Deep Dive: Unpacking Carbon Markets

Deep Dive: Unpacking Carbon Markets

Carbon markets are similar to any other commodity market; they are an arena for the exchange of assets tied to the price of a specific commodity, in this case greenhouse gas emissions. Beginning in the late 1990s, carbon markets emerged with the goal of reducing carbon emissions by putting a price on the negative externality cost associated with emitting greenhouse gases. Since that time, carbon markets have evolved to the point that they now represent a growing investment opportunity for traditional and impact-oriented investors. At their core, carbon markets have one common goal: to use market dynamics to efficiently price the cost of emitting greenhouse gases and incentivize market participants to lower their carbon footprints.

There is one central type of carbon asset: a carbon credit. A single carbon credit is a tradeable token or certificate that is equal to the reduction, avoidance, or removal of 1 ton of carbon dioxide equivalent (CO2, Methane, Nitrous oxide, PFCs, HFCs or SF6). Any company or individual that holds a carbon credit can use it to either offset an amount of carbon dioxide equivalent to the amount that company or individual has emitted into the atmosphere. However, credits can only be used once, so whenever a credit is used it becomes a carbon offset and is no longer tradeable or usable. In recent years, the number organizations that issue carbon credits has proliferated, but in general, there are two main issuers that supply carbon credit assets:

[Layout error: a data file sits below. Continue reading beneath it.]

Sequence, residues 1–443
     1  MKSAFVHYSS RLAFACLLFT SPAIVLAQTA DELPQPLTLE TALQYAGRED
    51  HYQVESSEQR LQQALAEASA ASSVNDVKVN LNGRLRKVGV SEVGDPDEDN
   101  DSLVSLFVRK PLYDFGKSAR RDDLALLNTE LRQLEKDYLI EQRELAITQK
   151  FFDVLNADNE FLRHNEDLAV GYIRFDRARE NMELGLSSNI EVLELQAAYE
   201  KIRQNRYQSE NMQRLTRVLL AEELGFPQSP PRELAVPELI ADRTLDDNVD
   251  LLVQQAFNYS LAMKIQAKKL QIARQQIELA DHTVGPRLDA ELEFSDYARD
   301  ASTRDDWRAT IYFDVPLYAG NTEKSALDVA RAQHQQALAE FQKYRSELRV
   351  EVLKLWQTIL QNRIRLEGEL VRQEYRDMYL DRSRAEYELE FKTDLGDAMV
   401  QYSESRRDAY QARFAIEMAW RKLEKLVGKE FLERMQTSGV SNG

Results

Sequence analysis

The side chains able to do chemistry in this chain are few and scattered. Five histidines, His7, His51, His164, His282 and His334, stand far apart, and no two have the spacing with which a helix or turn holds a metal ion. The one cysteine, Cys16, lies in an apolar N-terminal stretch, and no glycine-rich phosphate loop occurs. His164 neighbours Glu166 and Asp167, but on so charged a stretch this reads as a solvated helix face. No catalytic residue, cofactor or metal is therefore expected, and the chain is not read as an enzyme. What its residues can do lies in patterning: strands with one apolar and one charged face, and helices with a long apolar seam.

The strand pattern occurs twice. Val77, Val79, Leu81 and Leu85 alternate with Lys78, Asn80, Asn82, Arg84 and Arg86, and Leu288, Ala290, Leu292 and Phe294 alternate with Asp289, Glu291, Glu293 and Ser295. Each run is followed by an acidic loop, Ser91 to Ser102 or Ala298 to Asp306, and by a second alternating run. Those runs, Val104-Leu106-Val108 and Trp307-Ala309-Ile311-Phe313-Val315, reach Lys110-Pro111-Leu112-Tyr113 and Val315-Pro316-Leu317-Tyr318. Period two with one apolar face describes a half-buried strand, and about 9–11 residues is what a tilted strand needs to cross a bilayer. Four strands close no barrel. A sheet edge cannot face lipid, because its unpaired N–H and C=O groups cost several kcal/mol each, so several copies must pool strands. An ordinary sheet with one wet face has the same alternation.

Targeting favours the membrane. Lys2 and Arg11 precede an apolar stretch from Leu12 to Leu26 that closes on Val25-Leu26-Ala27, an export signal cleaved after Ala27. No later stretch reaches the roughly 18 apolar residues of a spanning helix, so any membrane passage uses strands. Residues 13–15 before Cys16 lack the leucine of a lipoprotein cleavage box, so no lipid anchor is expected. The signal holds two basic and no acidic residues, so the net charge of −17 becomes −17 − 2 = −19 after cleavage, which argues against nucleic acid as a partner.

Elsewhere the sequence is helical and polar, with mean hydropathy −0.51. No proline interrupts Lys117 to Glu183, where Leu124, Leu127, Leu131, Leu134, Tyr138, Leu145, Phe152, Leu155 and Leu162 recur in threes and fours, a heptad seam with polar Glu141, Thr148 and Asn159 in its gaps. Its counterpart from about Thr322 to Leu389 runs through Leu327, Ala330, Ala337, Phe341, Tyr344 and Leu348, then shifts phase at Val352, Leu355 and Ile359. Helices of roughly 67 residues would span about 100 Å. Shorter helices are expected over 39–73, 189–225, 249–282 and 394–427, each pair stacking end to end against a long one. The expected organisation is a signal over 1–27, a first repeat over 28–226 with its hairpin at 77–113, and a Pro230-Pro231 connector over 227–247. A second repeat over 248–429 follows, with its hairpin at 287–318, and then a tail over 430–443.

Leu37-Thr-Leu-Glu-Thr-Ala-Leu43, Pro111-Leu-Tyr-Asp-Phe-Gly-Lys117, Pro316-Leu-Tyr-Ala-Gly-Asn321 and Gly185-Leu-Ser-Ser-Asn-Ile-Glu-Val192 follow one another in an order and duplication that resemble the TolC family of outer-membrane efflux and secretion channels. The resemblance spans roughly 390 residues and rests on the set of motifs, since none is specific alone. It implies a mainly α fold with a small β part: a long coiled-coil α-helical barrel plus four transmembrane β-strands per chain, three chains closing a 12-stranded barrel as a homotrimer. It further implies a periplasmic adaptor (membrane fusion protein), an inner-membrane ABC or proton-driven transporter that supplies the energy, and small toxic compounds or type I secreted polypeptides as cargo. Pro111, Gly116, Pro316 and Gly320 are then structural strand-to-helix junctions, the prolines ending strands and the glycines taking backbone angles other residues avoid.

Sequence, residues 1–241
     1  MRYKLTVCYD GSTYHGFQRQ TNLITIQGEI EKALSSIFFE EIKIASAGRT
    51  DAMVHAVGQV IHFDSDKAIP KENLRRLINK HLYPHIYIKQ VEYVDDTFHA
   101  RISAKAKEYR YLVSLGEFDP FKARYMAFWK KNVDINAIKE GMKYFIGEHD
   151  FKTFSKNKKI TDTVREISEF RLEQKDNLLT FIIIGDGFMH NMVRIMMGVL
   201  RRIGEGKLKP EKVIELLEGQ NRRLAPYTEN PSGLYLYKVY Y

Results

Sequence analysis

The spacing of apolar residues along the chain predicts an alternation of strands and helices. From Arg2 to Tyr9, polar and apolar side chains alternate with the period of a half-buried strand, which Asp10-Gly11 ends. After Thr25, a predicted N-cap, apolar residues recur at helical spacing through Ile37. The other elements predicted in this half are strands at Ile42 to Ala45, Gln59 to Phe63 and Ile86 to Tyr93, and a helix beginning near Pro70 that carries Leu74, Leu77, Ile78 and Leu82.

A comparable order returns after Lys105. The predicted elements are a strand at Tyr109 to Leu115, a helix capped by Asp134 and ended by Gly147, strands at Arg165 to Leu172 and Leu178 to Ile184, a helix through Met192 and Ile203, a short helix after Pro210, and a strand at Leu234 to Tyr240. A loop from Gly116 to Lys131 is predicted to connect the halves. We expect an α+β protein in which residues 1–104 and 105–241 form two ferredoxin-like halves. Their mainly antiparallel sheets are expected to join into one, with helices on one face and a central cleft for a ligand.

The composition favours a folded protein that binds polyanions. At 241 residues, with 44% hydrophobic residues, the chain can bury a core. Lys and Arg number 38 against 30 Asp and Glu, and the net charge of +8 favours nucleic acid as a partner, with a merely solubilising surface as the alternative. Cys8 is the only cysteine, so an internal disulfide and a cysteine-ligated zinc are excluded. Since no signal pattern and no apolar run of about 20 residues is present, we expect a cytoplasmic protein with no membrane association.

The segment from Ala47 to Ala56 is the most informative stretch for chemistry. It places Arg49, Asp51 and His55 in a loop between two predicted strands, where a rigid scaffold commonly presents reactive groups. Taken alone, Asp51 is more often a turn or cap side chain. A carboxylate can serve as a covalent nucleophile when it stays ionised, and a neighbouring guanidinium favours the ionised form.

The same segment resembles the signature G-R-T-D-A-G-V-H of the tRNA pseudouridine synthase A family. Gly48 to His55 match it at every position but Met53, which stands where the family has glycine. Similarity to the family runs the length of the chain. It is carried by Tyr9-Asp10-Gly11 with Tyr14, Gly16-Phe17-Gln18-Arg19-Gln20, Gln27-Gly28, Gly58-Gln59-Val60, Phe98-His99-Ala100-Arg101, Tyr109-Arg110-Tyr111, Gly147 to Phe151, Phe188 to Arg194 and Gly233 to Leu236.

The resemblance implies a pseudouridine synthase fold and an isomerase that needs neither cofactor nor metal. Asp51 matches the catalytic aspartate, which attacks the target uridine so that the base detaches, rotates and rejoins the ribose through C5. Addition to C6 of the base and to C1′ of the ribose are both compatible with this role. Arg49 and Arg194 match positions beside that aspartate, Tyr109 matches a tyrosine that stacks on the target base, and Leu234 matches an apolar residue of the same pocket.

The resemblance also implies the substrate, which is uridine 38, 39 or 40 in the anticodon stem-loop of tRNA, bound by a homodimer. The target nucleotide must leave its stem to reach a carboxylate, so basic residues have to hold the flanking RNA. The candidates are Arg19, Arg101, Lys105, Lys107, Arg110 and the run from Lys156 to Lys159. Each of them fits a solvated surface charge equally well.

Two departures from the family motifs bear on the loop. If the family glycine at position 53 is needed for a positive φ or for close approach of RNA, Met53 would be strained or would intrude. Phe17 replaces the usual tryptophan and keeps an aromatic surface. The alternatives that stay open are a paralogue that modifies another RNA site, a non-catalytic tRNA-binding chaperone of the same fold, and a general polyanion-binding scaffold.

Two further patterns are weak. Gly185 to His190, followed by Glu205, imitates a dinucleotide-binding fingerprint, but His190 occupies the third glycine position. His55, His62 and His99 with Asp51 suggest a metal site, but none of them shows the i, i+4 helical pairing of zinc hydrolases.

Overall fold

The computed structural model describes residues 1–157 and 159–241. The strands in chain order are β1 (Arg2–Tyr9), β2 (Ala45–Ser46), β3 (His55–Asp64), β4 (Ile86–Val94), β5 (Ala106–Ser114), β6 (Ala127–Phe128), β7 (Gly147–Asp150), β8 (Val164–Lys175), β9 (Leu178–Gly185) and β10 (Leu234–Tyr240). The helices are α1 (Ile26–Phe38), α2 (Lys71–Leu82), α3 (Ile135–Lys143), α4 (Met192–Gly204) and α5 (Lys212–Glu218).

1. Governments with regulatory carbon markets
2. Private entities that develop carbon offset projects

Demand for carbon credits comes from companies and individuals who can purchase carbon credits as permits to offset their greenhouse gas emissions and meet either mandatory or voluntary net emission goals.

Related to that last point, there are two main types of carbon markets: mandatory carbon markets, also known as “emission trading systems,” and voluntary carbon markets. These two carbon markets utilize the same asset in principle (carbon credits) but each market’s size, issuers, buyers, and trading systems differ greatly.

Mandatory carbon markets are run and administered by state or regional government authorities. These authorities establish caps on greenhouse gas emissions for specific industries which force companies operating in these industries to acquire carbon credits to offset any emissions above the established cap. Because of this, you may hear people call these markets, “cap-and-trade systems.” There are currently 28 cap-and-trade systems in-force worldwide, and in 2022 the value of these markets combined reached $909 billion in terms of traded credits.

There are currently 28 Active Emission Trading Systems in the World